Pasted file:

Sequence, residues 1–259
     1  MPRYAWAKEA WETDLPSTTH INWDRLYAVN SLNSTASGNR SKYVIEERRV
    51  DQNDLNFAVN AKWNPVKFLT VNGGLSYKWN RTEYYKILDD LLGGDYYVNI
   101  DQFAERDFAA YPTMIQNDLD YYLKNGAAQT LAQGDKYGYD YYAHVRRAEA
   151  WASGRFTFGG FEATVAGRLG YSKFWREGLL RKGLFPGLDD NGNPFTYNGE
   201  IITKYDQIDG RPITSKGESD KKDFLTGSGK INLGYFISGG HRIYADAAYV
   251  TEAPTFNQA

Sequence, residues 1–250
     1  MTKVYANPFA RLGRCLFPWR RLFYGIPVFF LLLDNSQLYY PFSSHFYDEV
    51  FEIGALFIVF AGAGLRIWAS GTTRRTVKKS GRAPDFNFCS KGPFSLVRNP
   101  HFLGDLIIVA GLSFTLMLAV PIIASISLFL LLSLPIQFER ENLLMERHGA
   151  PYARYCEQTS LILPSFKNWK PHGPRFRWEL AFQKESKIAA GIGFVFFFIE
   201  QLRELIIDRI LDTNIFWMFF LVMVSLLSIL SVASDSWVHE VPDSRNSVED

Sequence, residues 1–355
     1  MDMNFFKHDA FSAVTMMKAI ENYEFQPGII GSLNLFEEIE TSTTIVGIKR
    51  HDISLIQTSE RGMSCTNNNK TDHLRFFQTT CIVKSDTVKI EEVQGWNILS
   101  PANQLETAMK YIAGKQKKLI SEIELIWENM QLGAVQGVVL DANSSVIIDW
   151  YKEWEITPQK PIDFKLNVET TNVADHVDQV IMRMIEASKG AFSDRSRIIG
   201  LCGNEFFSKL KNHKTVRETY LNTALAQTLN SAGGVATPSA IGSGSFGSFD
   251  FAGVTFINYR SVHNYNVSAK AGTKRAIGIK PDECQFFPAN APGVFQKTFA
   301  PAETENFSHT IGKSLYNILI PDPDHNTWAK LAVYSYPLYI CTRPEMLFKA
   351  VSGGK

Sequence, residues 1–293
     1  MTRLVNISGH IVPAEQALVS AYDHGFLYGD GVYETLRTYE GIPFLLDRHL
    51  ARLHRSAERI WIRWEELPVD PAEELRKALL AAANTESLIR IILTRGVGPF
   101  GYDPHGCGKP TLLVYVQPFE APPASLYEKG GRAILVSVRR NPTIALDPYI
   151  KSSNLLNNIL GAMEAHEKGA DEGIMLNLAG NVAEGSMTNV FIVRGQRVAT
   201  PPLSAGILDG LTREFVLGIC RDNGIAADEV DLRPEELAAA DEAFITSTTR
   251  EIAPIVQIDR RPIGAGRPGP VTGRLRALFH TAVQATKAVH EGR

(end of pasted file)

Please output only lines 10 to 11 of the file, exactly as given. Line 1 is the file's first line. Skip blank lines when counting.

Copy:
    51  FEIGALFIVF AGAGLRIWAS GTTRRTVKKS GRAPDFNFCS KGPFSLVRNP
   101  HFLGDLIIVA GLSFTLMLAV PIIASISLFL LLSLPIQFER ENLLMERHGA